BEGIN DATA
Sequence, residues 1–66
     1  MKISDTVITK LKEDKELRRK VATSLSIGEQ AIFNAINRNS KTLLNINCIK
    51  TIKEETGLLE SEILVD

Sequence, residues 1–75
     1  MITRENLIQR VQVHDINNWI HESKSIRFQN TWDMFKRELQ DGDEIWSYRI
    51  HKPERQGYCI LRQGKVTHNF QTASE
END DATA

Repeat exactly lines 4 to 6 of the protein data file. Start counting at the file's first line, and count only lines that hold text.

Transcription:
Sequence, residues 1–75
     1  MITRENLIQR VQVHDINNWI HESKSIRFQN TWDMFKRELQ DGDEIWSYRI
    51  HKPERQGYCI LRQGKVTHNF QTASE